Nikhil

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Nominal impedance usually represents the lowest impedance value a speaker goes down to.
Actual speaker impedance varies with frequency and is usually shown with an impedance curve.
When playing music impedance value depends on the frequency range being played.

See the Stereophile impedance plot for Dynaudio Excite X12 which is specified as a 4 ohm speaker

310Dynfig1.jpg



One pair of speaker is rated at 4ohms. Other at 8 ohms.

Would the power handling differ between 2?

The amp will need double the current (power) for the 4 ohm speaker.

Lets say we are able to provide ideal power to both, will one a) sound better
B) play better
Or will it be same?

A) Sound quality has nothing to do with impedance.

B) The 4 ohm speaker will be a more difficult load so all else being equal (as in your example) the 8 ohm will "play better"

Hope this helps ...


Regards.

.
 
Last edited:

delhite2

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Nominal impedance usually represents the lowest impedance value a speaker goes down to.
Actual speaker impedance varies with frequency and is usually shown with an impedance curve.
When playing music impedance value depends on the frequency range being played.

See the Stereophile impedance plot for Dynaudio Excite X12 which is specified as a 4 ohm speaker

310Dynfig1.jpg





The amp will need double the current (power) for the 4 ohm speaker.



A) Sound quality has nothing to do with impedance.

B) The 4 ohm speaker will be a more difficult load to the amp so all else being equal (as in your example) the 8 ohm will "play better"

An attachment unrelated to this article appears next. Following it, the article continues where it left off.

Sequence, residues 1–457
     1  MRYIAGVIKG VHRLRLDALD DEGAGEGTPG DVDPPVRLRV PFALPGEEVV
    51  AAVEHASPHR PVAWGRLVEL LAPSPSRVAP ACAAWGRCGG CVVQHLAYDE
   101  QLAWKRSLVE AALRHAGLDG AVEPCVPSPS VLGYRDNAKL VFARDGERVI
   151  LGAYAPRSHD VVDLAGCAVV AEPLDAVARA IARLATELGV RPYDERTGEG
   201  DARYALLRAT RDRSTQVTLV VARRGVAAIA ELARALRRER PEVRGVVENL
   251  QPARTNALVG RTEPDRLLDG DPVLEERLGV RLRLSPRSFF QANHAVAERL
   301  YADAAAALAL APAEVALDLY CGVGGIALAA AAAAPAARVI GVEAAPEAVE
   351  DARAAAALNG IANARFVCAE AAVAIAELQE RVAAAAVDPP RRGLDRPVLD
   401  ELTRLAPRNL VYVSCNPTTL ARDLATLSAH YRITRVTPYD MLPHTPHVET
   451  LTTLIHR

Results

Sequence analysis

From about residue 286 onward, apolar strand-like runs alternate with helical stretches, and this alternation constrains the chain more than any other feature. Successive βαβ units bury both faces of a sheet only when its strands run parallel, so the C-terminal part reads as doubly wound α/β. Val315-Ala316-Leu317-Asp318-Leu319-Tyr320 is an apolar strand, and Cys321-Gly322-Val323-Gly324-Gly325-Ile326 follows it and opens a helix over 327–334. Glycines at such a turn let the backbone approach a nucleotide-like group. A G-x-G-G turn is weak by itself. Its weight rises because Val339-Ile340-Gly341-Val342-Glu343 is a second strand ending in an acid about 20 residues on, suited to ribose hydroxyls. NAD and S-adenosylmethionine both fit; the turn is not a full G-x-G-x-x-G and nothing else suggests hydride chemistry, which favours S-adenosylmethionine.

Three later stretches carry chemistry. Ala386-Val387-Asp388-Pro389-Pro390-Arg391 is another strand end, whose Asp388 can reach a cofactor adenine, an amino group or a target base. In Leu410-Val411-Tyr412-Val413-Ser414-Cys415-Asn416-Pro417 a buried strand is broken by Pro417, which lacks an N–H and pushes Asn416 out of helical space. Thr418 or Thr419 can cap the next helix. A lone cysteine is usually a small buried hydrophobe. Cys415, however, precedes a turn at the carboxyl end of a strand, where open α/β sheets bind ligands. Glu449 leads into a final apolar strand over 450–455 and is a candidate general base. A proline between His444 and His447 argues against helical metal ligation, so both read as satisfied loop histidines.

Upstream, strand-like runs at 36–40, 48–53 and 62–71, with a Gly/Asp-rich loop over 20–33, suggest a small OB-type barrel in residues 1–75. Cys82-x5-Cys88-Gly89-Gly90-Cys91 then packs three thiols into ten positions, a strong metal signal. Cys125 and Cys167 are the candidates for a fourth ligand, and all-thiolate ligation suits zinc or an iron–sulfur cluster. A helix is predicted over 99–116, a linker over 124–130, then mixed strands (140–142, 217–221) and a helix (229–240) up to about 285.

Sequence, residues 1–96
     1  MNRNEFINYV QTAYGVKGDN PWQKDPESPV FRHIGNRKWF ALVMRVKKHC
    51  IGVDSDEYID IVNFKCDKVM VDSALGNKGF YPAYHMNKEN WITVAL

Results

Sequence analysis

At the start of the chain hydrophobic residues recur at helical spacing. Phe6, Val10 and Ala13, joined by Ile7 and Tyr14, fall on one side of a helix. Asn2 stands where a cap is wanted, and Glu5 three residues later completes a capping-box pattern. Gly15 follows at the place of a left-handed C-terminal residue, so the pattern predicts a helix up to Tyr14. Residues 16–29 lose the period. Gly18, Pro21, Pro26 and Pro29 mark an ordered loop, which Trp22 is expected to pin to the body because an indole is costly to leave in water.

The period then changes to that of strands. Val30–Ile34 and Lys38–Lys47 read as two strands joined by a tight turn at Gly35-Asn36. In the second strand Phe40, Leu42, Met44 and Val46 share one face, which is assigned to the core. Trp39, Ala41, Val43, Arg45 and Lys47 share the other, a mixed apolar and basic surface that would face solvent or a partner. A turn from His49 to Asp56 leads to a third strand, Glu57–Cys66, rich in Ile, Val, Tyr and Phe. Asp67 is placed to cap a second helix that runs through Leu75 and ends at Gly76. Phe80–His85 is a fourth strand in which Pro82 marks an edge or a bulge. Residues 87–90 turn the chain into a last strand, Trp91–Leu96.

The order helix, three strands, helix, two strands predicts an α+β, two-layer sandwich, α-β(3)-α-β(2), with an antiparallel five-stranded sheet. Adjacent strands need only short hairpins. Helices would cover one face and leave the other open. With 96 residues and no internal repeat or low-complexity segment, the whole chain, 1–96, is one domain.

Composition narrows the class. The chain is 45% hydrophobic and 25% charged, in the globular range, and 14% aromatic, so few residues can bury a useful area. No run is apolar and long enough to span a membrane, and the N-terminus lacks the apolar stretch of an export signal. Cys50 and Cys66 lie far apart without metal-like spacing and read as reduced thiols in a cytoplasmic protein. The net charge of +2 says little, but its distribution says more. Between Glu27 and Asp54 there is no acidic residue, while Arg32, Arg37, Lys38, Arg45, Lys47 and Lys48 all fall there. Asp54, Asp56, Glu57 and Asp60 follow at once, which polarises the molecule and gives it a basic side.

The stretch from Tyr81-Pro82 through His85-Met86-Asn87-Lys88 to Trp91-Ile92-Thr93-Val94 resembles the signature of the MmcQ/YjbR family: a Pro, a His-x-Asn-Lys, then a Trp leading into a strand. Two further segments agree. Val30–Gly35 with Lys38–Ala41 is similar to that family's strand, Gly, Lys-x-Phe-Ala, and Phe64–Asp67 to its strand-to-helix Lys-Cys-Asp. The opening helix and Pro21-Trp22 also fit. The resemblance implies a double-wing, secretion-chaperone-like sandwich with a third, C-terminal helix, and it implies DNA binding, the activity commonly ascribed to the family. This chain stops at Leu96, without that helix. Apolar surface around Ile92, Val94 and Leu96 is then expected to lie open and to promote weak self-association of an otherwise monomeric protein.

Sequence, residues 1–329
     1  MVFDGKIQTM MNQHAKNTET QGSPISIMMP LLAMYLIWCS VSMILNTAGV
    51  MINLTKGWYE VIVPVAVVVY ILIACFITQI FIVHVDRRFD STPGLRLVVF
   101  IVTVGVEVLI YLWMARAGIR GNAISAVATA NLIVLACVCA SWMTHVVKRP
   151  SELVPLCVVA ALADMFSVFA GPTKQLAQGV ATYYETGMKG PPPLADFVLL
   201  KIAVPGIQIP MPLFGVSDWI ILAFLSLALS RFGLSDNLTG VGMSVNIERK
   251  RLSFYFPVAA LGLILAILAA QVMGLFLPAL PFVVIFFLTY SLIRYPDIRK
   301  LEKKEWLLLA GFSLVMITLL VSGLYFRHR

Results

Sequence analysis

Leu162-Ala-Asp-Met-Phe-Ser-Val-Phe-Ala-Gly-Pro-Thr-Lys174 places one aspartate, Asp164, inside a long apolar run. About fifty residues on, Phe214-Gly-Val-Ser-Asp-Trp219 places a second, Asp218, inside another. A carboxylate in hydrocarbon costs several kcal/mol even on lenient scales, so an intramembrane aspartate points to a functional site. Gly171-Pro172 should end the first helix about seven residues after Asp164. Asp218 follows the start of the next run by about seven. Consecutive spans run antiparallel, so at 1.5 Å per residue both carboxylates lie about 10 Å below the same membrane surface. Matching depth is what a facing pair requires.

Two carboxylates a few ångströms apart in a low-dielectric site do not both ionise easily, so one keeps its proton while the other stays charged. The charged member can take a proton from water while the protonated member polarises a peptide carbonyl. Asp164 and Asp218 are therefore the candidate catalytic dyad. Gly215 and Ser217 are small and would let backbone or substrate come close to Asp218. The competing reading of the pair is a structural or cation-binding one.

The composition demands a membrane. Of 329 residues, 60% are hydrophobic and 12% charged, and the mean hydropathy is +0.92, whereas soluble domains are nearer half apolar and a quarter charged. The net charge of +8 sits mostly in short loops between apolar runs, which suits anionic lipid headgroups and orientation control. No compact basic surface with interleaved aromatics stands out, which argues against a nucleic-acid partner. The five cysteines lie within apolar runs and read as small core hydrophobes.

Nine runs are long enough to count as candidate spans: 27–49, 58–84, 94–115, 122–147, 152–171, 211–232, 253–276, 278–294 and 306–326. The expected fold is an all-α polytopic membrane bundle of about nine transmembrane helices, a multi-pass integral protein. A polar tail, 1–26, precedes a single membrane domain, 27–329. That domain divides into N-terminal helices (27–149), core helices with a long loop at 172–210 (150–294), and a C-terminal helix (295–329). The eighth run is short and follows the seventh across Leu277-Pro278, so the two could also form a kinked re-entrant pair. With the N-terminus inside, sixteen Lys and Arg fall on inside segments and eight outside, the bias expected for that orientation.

Hope this helps ...


Regards.

.
And if ideal power is provided then they shall sound similar?
 

Nikhil

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And if ideal power is provided then they shall sound similar?

If you have an amp that drives a 4 ohm speaker it will drive a 8 ohm speaker with ease.

You will have more headroom so there will be some difference in sound.
But whether that is better depends on many different factors.

.
 
Last edited:

asliarun

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And if ideal power is provided then they shall sound similar?

You keep saying this again and again. But the reality is that this is almost never the case.
The reality is that amplifiers are almost always underpowered compared to the speaker.

Besides what Nikhil posted, the reality is also that speakers often provide an inductive load and not a resistive load. What does that mean? It means that the current often lags the voltage which in turn means that there will be times when the speaker is suddenly demanding huge amounts of current and power from the amp. And the amp has to respond in milliseconds.

So practical answer is that for most amps that people buy, a 4ohm speaker will end up sounding worse than an 8ohm speaker.
BUT if you have a real beefy amp, it will make your 4ohm speaker sing, and also the 4ohm speaker will likely be half the size of the 8ohm speaker and will still play much louder with cleaner and more authoritative bass.